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Asiana Airline pilots 'stayed silent until two seconds before crash' at San Francisco airport

Lee Hang-kook and co-pilot did not say a word to one another until shortly before plane's tail section clipped the seawall at the end of the runway

The investigation into the fate of Asiana Airlines flight 214 has turned to the communications in the cockpit of the Boeing 777 shortly before it crashed at San Francisco International Airport on Saturday morning.

The plane’s pilot, Lee Hang-kook, had never landed a 777 at SFO before, part of the airport’s automated landing system was temporarily out of service, and the aircraft was flying significantly slower than its optimum landing speed as it approached.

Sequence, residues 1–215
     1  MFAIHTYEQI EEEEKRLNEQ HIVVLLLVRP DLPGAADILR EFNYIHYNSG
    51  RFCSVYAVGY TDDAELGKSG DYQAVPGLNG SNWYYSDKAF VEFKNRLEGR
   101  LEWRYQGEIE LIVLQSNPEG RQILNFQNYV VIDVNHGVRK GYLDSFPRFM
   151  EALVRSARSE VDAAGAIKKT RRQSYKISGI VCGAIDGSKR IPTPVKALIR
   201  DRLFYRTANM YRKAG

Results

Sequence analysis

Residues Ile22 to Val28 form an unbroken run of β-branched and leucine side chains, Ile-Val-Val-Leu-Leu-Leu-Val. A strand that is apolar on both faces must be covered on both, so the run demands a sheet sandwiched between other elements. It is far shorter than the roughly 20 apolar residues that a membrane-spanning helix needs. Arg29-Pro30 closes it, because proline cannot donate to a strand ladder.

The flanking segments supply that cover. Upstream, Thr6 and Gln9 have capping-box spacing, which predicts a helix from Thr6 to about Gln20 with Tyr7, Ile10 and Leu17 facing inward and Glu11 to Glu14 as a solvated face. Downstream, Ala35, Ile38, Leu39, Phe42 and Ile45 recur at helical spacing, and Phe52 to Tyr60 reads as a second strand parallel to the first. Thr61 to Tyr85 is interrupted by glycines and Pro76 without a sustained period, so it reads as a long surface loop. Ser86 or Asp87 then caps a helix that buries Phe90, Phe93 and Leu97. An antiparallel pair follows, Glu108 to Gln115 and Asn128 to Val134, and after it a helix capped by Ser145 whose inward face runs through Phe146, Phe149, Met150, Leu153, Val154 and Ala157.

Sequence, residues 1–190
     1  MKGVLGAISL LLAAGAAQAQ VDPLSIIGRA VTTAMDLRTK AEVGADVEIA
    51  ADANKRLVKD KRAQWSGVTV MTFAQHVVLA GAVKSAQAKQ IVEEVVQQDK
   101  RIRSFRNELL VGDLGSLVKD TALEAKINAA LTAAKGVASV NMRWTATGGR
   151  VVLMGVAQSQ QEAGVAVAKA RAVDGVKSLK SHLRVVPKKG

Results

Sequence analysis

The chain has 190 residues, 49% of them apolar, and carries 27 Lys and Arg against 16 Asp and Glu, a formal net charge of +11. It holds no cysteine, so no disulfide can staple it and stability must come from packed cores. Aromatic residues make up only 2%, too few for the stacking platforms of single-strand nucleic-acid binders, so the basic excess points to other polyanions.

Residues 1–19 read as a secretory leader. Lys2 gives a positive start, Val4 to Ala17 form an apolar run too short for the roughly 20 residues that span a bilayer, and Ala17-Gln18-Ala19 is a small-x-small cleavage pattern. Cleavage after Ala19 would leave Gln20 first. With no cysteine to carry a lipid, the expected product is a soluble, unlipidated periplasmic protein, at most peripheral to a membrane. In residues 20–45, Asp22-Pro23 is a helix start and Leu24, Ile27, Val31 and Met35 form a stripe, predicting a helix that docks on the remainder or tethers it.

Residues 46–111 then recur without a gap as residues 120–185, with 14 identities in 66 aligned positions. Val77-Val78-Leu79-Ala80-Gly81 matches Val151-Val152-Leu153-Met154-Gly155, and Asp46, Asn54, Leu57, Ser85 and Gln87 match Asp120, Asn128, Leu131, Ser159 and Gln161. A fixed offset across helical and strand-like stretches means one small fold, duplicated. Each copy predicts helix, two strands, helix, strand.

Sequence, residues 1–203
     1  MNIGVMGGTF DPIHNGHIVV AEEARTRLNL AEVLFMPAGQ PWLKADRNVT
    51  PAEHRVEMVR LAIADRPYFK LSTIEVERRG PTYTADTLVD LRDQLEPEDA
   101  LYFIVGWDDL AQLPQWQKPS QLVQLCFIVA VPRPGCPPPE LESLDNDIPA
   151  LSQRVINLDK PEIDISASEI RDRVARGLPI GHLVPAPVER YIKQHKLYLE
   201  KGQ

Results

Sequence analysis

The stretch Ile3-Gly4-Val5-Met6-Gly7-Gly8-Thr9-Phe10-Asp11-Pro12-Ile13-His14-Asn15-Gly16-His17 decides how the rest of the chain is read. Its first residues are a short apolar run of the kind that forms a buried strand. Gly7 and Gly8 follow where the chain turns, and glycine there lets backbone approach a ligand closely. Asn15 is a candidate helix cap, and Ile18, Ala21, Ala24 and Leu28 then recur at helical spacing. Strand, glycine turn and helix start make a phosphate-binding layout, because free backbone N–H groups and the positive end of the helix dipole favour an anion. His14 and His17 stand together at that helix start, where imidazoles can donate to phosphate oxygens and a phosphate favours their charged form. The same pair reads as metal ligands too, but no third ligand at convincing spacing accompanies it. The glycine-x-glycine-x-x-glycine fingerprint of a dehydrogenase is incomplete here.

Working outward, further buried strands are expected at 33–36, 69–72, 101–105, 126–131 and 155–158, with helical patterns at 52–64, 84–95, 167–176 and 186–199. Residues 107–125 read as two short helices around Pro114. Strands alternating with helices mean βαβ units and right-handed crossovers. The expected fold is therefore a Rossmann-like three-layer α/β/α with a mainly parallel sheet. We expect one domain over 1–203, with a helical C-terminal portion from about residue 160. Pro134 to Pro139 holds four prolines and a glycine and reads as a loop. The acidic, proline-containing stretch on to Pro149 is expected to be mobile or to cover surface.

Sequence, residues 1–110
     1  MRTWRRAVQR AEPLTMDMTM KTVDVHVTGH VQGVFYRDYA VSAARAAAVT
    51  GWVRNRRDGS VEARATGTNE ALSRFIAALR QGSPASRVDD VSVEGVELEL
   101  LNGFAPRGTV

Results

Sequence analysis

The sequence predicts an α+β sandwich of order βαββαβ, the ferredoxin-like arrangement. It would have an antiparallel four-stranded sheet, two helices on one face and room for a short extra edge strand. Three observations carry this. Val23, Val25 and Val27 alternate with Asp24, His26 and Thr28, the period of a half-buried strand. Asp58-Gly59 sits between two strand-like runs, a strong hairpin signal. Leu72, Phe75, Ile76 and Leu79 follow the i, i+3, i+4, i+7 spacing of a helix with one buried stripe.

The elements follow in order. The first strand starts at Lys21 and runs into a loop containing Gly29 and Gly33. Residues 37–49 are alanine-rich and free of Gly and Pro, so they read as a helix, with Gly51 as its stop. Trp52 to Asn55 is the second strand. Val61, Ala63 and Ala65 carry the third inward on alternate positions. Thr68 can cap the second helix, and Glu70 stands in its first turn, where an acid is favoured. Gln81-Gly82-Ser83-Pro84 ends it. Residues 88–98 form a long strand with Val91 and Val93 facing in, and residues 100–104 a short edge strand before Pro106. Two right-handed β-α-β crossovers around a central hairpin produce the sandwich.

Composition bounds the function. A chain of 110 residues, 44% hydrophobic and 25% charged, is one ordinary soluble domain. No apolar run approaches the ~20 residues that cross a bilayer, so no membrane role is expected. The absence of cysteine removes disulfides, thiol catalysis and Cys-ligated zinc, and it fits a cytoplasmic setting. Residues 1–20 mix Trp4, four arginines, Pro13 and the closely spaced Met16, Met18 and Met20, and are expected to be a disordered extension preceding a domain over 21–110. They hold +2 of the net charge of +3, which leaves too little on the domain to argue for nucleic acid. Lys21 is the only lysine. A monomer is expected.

Yet according to cockpit voice recordings, Lee and his co-pilot did not say a word to one another about their increasingly dangerous situation until less than two seconds before the plane’s tail section clipped the seawall at the end of the runway, slamming the fuselage to the ground.

Meanwhile, flight attendant Lee Yoon-hye, the last person to leave the aircraft, has recounted what happened in the aftermath of the crash. The 40-year-old cabin manager told reporters that during the evacuation, two of the plane’s emergency evacuation slides inflated inside the cabin, trapping a pair of flight attendants beneath them. The first was freed by a pilot, who deflated the slide with a “crash axe” from the cockpit. The second attendant was pinned close to the fire that broke out in the cabin; a pilot punctured the slide using a knife from the food service cart.